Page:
Feb 19


Written by fahidbatthbatth | posted in Uncategorized | 0 Comments

Leprosy is one of the oldest diseases known to humankind, which has afflicted mankind since civilization itself. It is thought to have originated in East Africa or South Asia in the Late Pleistocene and migrated to the sub continent around 2000 BC.

Leprosy Eradication day is observed annually on January 30, in order to increase public awareness of the fact that leprosy can now be prevented, cured and eradicated. We cannot deny this fact that even though the field of medical science has made many advances in recent times but leprosy is still a heinous cause of death. What we can try is to aim for eliminating the disease, by developing intervention strategies to reduce the transmission of the disease to new cases. But with leprosy, even that is a little tricky as the exact mode of transmission of the disease is still debatable. It is sad that medical science still does not have a clearcut answer to tackle this century long old disease. However, access to medicines is only half of the challenge in eliminating leprosy but the main part we can play in eradicating such a dreadful disease is to take innovative approaches to overcoming barriers such as stigma and delayed diagnosis against this disease.

Some of the major factors that stop the stigma to subside are :

· Lack of awareness

· Myths

· Socio-cultural beliefs

· Various rules that are set for people suffering from leprosy that are always against them.


  • Leprosy is also known as Hansen’s disease, and is caused by Mycobacterium leprae.
  • Leprosy is a chronic, infectious disease which if not diagnosed and treated quickly, can result in debilitating disabilities.
  • The disease mainly affects the skin, peripheral nerves, mucosal surfaces of the upper respiratory tract and the eyes.
  • Leprosy is known to occur at all ages ranging from early infancy to very old age.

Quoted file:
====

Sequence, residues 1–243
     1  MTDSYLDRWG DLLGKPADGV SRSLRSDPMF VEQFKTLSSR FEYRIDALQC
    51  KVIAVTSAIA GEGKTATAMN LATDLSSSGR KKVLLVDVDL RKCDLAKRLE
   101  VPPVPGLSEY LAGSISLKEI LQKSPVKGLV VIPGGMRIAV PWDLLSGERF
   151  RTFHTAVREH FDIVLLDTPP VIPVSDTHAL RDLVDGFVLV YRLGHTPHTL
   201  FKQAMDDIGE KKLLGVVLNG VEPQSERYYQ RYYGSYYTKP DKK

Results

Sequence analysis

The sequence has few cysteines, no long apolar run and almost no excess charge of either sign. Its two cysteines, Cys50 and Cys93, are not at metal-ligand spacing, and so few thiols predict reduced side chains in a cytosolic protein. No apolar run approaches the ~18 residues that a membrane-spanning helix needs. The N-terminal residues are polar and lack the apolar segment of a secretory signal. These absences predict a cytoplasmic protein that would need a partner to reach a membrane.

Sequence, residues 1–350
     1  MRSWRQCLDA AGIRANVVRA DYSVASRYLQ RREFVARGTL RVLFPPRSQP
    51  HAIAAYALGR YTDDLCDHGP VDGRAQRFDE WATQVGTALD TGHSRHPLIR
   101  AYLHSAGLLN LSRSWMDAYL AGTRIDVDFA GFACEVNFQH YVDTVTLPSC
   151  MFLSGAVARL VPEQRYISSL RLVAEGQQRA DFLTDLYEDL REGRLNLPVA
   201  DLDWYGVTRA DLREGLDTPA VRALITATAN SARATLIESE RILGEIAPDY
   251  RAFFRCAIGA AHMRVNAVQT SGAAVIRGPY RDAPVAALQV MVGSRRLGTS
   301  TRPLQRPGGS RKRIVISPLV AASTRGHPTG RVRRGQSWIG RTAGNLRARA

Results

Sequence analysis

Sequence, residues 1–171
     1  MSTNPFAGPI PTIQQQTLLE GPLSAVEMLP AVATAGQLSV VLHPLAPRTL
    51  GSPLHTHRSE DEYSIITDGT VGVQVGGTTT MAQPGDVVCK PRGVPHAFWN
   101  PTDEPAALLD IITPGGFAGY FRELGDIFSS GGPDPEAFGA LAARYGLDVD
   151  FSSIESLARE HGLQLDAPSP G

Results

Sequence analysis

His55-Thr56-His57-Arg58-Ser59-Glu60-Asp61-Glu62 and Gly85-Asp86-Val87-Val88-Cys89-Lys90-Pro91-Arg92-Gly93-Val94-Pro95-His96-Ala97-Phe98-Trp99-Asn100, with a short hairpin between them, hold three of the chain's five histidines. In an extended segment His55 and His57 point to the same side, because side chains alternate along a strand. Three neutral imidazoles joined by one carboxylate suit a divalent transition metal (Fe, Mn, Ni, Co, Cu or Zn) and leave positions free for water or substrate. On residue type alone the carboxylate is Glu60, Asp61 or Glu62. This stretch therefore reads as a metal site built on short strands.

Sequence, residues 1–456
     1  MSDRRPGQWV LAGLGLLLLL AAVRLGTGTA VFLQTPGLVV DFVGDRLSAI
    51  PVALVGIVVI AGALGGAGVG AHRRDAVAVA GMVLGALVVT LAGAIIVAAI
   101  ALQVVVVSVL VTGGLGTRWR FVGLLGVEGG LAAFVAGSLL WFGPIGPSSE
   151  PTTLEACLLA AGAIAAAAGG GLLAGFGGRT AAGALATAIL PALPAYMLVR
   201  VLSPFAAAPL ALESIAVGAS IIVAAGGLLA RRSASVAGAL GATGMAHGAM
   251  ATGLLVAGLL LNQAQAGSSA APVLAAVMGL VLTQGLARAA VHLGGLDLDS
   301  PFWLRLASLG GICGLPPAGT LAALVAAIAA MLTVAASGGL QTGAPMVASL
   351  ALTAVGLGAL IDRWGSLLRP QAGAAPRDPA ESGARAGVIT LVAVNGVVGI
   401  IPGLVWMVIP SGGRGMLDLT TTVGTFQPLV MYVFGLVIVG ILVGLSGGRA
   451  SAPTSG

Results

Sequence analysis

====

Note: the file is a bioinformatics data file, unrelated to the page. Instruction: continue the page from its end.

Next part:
• Leprosy should be suspected if a person shows the following signs and symptoms:
  • Dark-skinned people might have light patches on the skin, while pale-skinned people have darker or reddish patches.
  • Loss or decrease of sensation in the skin patches.
  • Numbness or tingling in hand or feet.
  • Weakness of hands, feet or eyelids.
  • Painful nerves.
  • Swelling or lumps in the face or earlobes.
  • Painless wounds or burns on hands or feet.
  • Leprosy is curable with MDT (multi drug therapy).
  • Early diagnosis, appropriate treatment and completion of full course will prevent disability due to leprosy.
  • Leprosy is not hereditary; it does not transmit from parents to children.
  • Leprosy does not spread through causal touch like shaking hands or playing together, or working in same office however close and frequent contacts with untreated cases favour the spread.
  • People affected by leprosy have right to livelihood and right to live with dignity.
  • There has been a significant reduction in the prevalence of the disease worldwide since the mid-1980s to elimination levels, however, new cases continue to arise indicating continued transmission.

Whenever we talk about leprosy, the name of Dr Ruth Pfau, who was a gem of a person, a doctor and an inspiration for all, comes to our mind. She has spent five and a half decades tirelessly for   eradicating and treating leprosy in Pakistan.

On behalf of the team of National Academy of Young Scientists (NAYS) Pakistan, it is our responsibility to help leprosy patients to get the necessary treatment as leprosy is a curable disability and can be prevented if detected at its early stage.  It is our duty to take a step forward towards eradication or the wellbeing of people suffering from this disease. We should aim at giving a new life to those people and try to make them happy by giving any small gesture in our capacities. Our small gestures can make a huge difference in their life. Let’s work together to end discrimination, stigma, and prejudice surrounding Leprosy and give a voice for all those affected by it around the world.

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Article: Sundeela Fayyaz

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